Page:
How to Write a Scene 11


 A good writer can conjure a landscape and its peoples to live inside you, and the best writers make you feel they’ve disclosed their soft underbellies. — Mary Karr, The Art of Memoir

WHEN YOU READ A MEMOIR, what about that author’s story evokes emotion in you? What makes the events on the page sad or dramatic or exciting? What makes you want to turn the page? The answer, of course, is scene. In Writing Life Stories, Bill Roorbach writes, “Scene is vital; it sits at the heart of all dramatic writing. And scene is nearly always what’s missing when a piece of creative nonfiction fails to come to life.”

What is scene? A scene is an action that occurs in a specific place at a specific time. A Twitter-esque version of a scene might read something like: “At midnight, Mr. Mustard murdered Mrs Peacock in the kitchen with the knife.”

At its best, a scene chronicles specific actions and events as perceived or experienced by the narrator (the story’s POV) using concrete, sensory details — what Mary Karr refers to as carnal (in the flesh) writing. A scene shows readers what is happening using language that helps readers smell, hear, and feel the scene’s action through the details included in the writing of it. A scene does not tell us about an event, it immerses us in it.

When you write a scene, you need to include all the senses: smell and taste, touch and sound, as well as sight. The more sensory details you include, the more you will help your readers viscerally experience what is happening in the story. As Mary Karr says, you need to “paint a physical reality” through your choice of words.

A scene does not tell us, “I was frightened.” It says, “My heart pounded against my rib cage as if trying to break out and run.” It says, “Sweat beaded on my forehead and gathered at the nape of my neck.” It says, “I tasted the cold metal of my fillings.”

The most important piece of advice I can give you about writing scene is to slow down. Click To Tweet

If you’re thinking about or starting to write memoir you may be wondering: What do I do if I can’t remember all those details? How can I remember, so many years later, what the room smelled like, or what Uncle Billy was wearing, or what that new dress felt like against my skin? I have just a fragment of a memory. How do I create a scene from that?

Here’s how:

  • Start with an imperfect memory of a moment.
  • Write down all the details you can remember. At this point don’t worry about writing a coherent narrative — just get the details down on the page. You can write in the form of lists, fragments, pieces of conversation, disconnected details such as colors, sounds, smells, and tastes. (For help remembering details, see my blog post, From Memories to Memoirs Part 3: Remembering Vividly).
  • Then, write the scene, filling in the missing details using what you remember about the place and the people involved — things you know would have happened, gestures you remember Uncle Billy making, the tenor of his voice, the types of clothing he usually wore, the way he walked, the way your mother responded to him. If the scene takes place in a kitchen while a meal is being prepared, what might have been a typical meal, and how would it have smelled and tasted? What sounds might have been going on in the background?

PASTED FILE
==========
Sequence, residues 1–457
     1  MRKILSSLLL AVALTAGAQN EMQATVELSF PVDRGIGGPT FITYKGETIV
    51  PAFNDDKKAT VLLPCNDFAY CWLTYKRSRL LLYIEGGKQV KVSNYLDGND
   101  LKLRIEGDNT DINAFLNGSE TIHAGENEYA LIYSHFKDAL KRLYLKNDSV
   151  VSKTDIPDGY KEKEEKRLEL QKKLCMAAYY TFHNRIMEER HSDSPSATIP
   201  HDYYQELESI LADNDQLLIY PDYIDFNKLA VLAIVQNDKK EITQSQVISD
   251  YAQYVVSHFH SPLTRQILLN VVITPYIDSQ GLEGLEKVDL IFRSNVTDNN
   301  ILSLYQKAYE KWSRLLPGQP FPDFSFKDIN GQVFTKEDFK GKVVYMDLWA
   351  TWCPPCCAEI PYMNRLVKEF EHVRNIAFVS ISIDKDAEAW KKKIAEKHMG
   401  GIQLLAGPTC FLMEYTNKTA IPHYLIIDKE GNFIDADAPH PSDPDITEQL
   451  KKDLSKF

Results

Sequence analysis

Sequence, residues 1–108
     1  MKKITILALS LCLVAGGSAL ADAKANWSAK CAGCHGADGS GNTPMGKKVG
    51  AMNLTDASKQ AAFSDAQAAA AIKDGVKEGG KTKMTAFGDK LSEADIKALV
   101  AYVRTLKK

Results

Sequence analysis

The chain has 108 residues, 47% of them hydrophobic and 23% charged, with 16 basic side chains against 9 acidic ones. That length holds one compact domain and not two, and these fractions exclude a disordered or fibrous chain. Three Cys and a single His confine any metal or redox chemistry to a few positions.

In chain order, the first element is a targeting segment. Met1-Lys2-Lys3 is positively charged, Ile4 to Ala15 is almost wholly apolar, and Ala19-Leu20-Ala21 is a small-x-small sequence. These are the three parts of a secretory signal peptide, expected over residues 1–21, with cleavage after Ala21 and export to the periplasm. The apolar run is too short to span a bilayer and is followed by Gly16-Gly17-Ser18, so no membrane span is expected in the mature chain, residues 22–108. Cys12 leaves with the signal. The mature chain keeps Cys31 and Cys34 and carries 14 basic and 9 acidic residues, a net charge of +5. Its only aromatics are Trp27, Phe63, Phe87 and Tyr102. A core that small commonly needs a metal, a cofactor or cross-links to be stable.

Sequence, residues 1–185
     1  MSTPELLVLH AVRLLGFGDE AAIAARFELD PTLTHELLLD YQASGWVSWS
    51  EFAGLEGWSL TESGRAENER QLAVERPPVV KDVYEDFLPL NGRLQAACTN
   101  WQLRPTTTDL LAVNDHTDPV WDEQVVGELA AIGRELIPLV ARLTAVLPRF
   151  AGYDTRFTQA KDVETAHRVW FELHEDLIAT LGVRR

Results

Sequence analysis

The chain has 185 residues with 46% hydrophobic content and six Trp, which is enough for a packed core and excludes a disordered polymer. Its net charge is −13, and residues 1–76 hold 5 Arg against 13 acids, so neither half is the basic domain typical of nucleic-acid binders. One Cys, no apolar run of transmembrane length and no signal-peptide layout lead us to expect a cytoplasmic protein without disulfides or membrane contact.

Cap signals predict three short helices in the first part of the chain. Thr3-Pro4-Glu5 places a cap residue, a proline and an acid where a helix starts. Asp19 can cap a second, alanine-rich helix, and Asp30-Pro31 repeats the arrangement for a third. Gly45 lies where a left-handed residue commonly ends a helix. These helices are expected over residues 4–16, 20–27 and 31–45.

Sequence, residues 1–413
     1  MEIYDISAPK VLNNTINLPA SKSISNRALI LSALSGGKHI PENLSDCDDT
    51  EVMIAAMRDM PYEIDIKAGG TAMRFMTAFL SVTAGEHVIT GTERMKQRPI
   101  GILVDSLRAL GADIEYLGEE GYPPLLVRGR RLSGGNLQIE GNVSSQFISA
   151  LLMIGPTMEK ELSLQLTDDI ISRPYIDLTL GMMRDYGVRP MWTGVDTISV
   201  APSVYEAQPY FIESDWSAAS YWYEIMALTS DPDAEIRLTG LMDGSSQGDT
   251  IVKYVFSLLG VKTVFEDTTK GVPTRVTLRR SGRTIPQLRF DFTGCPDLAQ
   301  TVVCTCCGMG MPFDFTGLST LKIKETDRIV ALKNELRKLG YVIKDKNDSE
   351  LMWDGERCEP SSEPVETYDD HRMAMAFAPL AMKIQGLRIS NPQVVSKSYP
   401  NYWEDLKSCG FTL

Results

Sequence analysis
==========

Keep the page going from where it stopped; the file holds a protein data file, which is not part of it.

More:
• If there is dialogue, recreate it as faithfully as you remember it. Don’t worry about the exact words, but do attempt to capture the speaker’s voice — his pitch, his manner of speaking, his personal dialect. In recreating the character through physical detail, you bring him or her to life on the page and communicate  the narrator’s (your memory’s) experience.

The most important piece of advice I can give you about writing scene is to slow down. Write the scene as if it were a movie being watched (and felt and heard) in slow motion. Even fast-paced scenes must be written with care, slowly, every detail exposed on the page, every punch landed in such as way that the reader feels the impact of hard knuckles landing on soft skin and the shock of the pain radiating up the arm, hears the grunt of air forced out, tastes blood on the lips, and sees the earth reeling.

This week:
Write a scene like you’ve never written one before. Start with a one-paragraph minimalist version of what happened (Mr. Mustard in the kitchen). Then, using the technique outlined above, turn that one paragraph into two pages by immersing yourself in the scene, in the moment and capturing every minute detail.

How did that go?
Share about your writing experience and, if you wish, a bit of your scene.


Want help starting and writing your memoir?


Enroll in From Memories to Memoirs: Leaving a Legacy of Stories. In this online class, you’ll use a variety of exercises and techniques to write compelling scenes and stories from your life. Memoir begins with memory, but it doesn’t end there. Join me and writers of all levels as we explore the nature of memoir and write stories worth reading.

 


 


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